New West Nile research reveals there could be more danger - - The News for South Mississippi

New West Nile research reveals there could be more danger

JACKSON, MS (Mississippi News Now) -

Dr. Vann Craig still feels the effects West Nile took on his body nearly two months after being infected.

Physical therapy is helping the retired surgeon and Director of the Board of Medical Licensure regain strength.

Craig didn't have the classic symptoms of the virus after being bit in early July. He felt weak and had a loss of appetite. After feeling sick for a couple of days, he finally had to see a doctor.

"I fell by the side of my bed and I couldn't get up. I was that weak," recalls Craig.

He spent about a week in the hospital and doesn't remember hardly any of his time there. Doctors told Craig's family he may not survive.

He compares West Nile to Polio because of its neurological effects.

"I don't think the general population understands this disease and how bad it can be, and I don't think the physicians in the southeastern united states understand how bad it can be."

Methodist Rehab Neurologist Dr. Art Leis says people diagnosed with West Nile either have neuro-invasive disease or benign West Nile fever.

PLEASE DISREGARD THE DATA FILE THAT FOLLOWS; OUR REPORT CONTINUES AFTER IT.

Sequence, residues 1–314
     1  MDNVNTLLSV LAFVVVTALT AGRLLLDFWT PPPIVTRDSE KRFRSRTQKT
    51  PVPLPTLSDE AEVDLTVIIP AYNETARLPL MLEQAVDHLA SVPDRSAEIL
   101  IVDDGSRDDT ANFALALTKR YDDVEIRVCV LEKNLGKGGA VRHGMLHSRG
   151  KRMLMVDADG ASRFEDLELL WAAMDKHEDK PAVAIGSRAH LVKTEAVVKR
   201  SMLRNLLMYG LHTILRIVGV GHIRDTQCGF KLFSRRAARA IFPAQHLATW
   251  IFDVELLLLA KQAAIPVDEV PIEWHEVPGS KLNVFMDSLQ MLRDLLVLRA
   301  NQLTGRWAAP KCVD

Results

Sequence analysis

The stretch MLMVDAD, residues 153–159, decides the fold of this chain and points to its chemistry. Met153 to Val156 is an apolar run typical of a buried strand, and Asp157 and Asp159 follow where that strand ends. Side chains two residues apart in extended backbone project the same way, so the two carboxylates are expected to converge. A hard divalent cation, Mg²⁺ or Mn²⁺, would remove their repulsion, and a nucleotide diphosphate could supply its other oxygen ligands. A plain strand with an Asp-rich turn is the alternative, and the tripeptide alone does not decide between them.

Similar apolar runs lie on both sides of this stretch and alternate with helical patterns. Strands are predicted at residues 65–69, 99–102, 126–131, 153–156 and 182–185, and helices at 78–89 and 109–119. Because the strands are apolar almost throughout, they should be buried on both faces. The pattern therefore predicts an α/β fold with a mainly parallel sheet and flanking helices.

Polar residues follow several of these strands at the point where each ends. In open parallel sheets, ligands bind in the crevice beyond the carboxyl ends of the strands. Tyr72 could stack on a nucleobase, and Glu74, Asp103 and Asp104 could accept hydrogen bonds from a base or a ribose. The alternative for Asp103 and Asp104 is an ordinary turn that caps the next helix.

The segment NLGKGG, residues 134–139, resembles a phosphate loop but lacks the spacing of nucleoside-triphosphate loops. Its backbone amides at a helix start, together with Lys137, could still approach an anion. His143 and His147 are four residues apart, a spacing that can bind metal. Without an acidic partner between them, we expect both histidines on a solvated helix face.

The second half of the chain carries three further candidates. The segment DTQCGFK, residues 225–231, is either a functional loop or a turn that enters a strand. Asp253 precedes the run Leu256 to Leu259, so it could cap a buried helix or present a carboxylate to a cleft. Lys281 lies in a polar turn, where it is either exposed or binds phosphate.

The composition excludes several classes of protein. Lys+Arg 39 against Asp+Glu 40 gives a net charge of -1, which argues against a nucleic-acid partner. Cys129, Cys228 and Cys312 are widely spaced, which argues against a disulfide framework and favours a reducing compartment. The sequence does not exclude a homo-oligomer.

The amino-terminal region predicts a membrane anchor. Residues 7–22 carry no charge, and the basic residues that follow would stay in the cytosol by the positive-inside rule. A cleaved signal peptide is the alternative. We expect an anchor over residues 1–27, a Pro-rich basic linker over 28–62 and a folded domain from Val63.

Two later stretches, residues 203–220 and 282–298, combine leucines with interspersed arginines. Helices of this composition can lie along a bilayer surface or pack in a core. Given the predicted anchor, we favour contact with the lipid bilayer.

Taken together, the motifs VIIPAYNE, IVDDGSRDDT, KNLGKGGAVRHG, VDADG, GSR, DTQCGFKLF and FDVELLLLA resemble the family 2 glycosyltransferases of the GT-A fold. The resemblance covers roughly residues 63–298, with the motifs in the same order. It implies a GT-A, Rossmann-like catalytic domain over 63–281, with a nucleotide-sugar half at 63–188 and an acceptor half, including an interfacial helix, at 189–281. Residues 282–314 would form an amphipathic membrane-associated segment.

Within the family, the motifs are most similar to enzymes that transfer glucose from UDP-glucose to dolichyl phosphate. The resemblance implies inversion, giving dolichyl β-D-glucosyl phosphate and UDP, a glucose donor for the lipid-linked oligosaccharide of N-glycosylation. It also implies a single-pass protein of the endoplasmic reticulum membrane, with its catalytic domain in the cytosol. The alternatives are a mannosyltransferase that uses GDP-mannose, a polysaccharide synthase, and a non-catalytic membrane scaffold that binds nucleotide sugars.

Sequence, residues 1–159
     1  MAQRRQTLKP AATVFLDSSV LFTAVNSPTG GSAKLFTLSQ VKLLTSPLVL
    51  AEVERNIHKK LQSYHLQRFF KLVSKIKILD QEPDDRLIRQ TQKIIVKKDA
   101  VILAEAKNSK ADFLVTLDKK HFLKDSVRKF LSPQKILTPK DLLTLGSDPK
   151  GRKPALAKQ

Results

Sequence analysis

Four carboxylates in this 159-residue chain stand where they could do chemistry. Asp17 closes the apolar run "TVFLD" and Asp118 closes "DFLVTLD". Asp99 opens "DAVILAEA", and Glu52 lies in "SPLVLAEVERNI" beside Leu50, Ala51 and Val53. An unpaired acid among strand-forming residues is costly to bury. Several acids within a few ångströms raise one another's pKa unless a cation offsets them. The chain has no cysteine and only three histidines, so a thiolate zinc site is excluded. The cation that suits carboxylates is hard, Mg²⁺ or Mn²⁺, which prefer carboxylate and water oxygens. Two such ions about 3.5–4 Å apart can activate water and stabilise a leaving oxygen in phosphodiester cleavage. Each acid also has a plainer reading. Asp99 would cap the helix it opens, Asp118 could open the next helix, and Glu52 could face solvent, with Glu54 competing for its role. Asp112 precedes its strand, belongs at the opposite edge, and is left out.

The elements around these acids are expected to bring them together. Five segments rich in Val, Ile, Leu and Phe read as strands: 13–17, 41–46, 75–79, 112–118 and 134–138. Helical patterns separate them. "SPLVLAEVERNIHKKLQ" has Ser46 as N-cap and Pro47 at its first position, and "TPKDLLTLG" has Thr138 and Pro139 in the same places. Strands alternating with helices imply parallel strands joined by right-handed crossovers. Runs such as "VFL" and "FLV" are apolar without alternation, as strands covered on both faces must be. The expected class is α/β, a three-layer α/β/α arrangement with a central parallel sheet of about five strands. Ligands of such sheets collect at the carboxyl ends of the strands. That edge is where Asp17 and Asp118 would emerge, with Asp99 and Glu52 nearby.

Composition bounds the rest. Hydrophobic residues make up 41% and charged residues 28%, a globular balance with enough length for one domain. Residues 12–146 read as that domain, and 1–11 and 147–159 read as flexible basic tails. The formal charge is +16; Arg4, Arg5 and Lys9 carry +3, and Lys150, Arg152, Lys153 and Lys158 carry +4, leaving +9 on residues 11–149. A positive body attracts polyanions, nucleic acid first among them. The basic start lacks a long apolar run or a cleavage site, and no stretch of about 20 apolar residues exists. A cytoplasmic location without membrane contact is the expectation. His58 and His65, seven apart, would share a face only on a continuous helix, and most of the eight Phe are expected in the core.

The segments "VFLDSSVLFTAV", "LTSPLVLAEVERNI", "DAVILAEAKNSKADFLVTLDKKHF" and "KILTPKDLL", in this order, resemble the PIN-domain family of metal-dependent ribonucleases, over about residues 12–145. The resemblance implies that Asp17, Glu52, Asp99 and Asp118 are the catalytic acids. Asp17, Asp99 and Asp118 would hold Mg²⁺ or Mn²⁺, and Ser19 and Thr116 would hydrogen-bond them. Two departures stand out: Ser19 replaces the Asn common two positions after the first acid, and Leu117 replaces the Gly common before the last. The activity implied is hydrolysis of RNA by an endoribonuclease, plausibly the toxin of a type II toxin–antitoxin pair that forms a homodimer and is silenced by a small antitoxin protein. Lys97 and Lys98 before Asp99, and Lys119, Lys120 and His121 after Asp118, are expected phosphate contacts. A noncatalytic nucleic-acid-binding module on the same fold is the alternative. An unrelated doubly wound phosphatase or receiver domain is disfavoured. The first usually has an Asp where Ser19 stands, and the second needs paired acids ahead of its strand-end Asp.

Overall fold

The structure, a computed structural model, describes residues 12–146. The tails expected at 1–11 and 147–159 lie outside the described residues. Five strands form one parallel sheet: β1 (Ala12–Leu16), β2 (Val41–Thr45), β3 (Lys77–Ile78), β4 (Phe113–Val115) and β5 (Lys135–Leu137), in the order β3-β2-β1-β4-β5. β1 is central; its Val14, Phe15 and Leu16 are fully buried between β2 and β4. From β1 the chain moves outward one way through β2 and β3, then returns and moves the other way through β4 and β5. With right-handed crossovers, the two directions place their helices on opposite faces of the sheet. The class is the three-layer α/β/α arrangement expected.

His research of 90 samples shows 40 percent of those with the benign virus had brain and spinal cord proteins in their blood stream.

"This is fairly strong evidence that even in the so-called benign West Nile fever cases, we're actually seeing some destruction of brain and spinal cord. And, this offers the first explanation for why these patients who are supposed to have a limiting or self-limiting type of illness, why they have all these re-occurring, lingering symptoms," says Leis. 

The symptoms, which can last for months, include fatigue, lack of concentration, and difficulty sleeping.

Leis believes West Nile is more neuro-invasive than first thought, which could result in a second condition known as myasthenia gravis. That condition destroys how nerves talk to muscles in the body.

"It makes them think that they have west Nile fever or west Nile virus infection all over again, and it's been very hard to sort out which is which because there are a lot of overlapping symptoms," Leis.

His research has been published in Muscle and Nerve Journal.

There is no cure for West Nile and Leis believes prevention is the only way to combat the problem.

Leis believes the number of West Nile cases and patients across the country will reach record, even epidemic numbers this year.

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